Upon entering high school, I was under the impression that my life would resemble that of Marissa Cooper from The OC, coming home past my curfew because I was out with a cute boy or getting into some shenanigans with my best gal pals. If we ignore the blatant reality that I was not a wealthy, blonde teenager (who was obviously at least 25), my high school experience was still vastly different from the one depicted on the television programs I watched. In retrospect, I believe my high school experience more closely resembles Olivia Pope’s narrative on Scandal; I was constantly under pressure to appear perfect.
(Photo Credit: David Paul Ohmer/Flickr)
This obsession with creating a facade of perfection stemmed from the culture of the high school I attended, one that highlighted those who would go on to Ivy League schools and other reputable universities such as University of Chicago, MIT, and Stanford. Because of this glorification of acceptances at elite universities, my classmates and I were conditioned to believe that prestige was the only thing that mattered about the places we would go after we graduated high school.
Consider the commercialization of colleges and admissions offices’ efforts to get more people to apply just to reject them, it’s no surprise that students (and their parents) want to go to schools where 95 percent of the applicants were rejected; being in the 5 percent meant something special.
“If I go to one school with a 6 percent acceptance rate, that says one thing about me,” Frank Bruni said in an interview with Katie Couric. “If I go to a school with a 25 percent acceptance rate, well, that doesn’t say quite so much.”
In his recent talk on the toxic process of college admissions, “A Race With No Victors,” Bruni touched on experiences that felt very familiar to me. During senior application season at my school, we became masters of applying to schools, without considering much beyond getting into the most elite schools possible.
Now with all that said, my high school experience wasn’t awful: taking challenging courses in all subjects to appear well-rounded during application season allowed me to discover my passion for writing because I vastly preferred my English courses over my STEM ones. Additionally, being around incredibly bright and hardworking people motivated me to be just the same. However, this pressure to get into elite schools leads to problematic behavior.
Not Everyone Is Starting From the Same Place
To some degree, I noticed that my classmates and I viewed people by their scores without considering the diversity in socioeconomic, ethnic, and cultural backgrounds. Coming from a low-income household, I found myself vastly disappointed in my academic performance compared to my well-off peers.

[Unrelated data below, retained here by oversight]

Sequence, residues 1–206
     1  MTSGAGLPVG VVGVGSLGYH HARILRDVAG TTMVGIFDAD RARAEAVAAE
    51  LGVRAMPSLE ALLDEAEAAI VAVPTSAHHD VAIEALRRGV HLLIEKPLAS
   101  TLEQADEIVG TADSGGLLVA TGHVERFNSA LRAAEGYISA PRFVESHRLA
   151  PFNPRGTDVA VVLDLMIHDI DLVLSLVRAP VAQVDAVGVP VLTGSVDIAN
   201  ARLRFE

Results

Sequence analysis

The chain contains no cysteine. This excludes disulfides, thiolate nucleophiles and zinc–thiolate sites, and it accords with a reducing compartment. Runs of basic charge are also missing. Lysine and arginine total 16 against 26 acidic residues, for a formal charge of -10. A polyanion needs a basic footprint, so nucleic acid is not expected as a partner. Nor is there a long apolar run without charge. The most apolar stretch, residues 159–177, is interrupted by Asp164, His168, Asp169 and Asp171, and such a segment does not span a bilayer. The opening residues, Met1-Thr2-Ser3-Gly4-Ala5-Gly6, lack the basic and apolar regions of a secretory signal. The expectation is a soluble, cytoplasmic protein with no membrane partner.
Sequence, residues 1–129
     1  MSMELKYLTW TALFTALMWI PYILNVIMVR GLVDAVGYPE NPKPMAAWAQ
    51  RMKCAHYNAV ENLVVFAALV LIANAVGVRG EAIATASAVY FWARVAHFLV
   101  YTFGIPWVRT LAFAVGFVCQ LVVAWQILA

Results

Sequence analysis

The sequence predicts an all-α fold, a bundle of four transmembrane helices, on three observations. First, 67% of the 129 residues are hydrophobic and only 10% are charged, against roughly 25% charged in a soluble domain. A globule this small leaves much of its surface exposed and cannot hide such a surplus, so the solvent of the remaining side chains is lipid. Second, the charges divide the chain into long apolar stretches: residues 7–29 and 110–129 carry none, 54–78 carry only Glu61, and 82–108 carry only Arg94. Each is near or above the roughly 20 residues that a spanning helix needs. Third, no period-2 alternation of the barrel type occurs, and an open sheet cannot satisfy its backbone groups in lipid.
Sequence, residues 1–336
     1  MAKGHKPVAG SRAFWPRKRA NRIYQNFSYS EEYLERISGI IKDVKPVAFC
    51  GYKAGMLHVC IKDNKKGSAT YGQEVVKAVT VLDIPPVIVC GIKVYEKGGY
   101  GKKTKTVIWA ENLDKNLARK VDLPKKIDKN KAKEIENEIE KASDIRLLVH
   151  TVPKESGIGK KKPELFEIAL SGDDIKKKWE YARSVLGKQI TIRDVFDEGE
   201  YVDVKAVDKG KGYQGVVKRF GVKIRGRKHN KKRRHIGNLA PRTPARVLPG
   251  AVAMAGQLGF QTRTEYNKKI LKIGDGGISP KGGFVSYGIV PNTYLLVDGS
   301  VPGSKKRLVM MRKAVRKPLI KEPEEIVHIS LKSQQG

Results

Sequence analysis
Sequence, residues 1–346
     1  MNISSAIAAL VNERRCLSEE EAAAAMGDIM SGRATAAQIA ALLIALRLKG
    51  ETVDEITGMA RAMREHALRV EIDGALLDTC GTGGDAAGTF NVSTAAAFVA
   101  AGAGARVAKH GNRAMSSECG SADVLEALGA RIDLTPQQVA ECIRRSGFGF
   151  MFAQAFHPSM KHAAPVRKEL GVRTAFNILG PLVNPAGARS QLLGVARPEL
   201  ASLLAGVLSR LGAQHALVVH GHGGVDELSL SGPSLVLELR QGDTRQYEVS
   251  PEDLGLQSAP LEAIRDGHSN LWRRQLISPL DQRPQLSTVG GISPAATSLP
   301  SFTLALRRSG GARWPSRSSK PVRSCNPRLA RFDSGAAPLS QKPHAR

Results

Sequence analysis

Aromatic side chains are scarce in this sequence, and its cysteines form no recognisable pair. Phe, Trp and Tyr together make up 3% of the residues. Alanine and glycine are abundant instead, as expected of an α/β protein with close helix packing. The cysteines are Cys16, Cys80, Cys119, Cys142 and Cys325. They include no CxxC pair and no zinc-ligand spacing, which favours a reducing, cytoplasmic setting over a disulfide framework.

This isn’t to say I was jealous of their privilege, but rather I didn’t consider the conditions and challenges I had to deal with that they did not; inevitably I felt incredibly inadequate, without understanding that my peers had the luxury of not having to worry about the financial situations of their households, making it easier to focus on academics. It was the same for all marginalized groups on campus, from the children of immigrants to the queer students to those struggling with domestic abuse. My peers and I continued to fail to recognize these struggles because we were so fixated on scores and statistics. The environment didn’t purposely choose to not celebrate diversity; our conditions simply normalized ignoring individual narratives.
Getting a Head Start on Total Lack of Work-Life Balance
Mirroring the lifestyles of overworked CEOs, many students from my high school made decisions detrimental to their mental, physical, and social health, due to the pressure to succeed academically to get into these top schools. For instance, I recall sleeping less than 10 hours in one week in order to keep my immaculate GPA during my junior year of high school. That was nothing compared to what some students did to keep up their grades. Others turned to taking Adderall to improve their focus during study sessions, ignored their families and friends to finish papers, and avoided getting help for their declining mental health.
Lastly, the pressure to get into a good school ironically promotes cutting corners in real academics in order to earn those outstanding test scores. Every student agrees that achieving high marks on exams is desirable and bad marks are undesirable. But, this simplistic way of defining success is harmful to the student.
More Than One Way to Define Success
More importantly, coupled with this desire to get into these top schools, the student is led to believe that grades are all that matter in education. In one incident that took place my senior year, the final exam for my AP physics course, a class open to seniors and juniors, was nullified because a significant number of students had shared the answer key among themselves. There were numerous examples of incidents like this: students doing all they can to get good grades, minus actually understanding the material. Unsurprisingly, because we put so much emphasis on grades being the key to the door of prestigious universities, we undermine the purpose of education as a whole: to learn.
As I glance over the college advising page alums created to help out current students with their academic pursuits, I see the familiar “How do I get into Ivys?” posts. Despite what I’ve said, I actually personally don’t find anything wrong to wanting to attend universities like Yale or Dartmouth. What I do find wrong is that we continue to perpetuate the idea that admission to these colleges is the only recognition of academic excellence.
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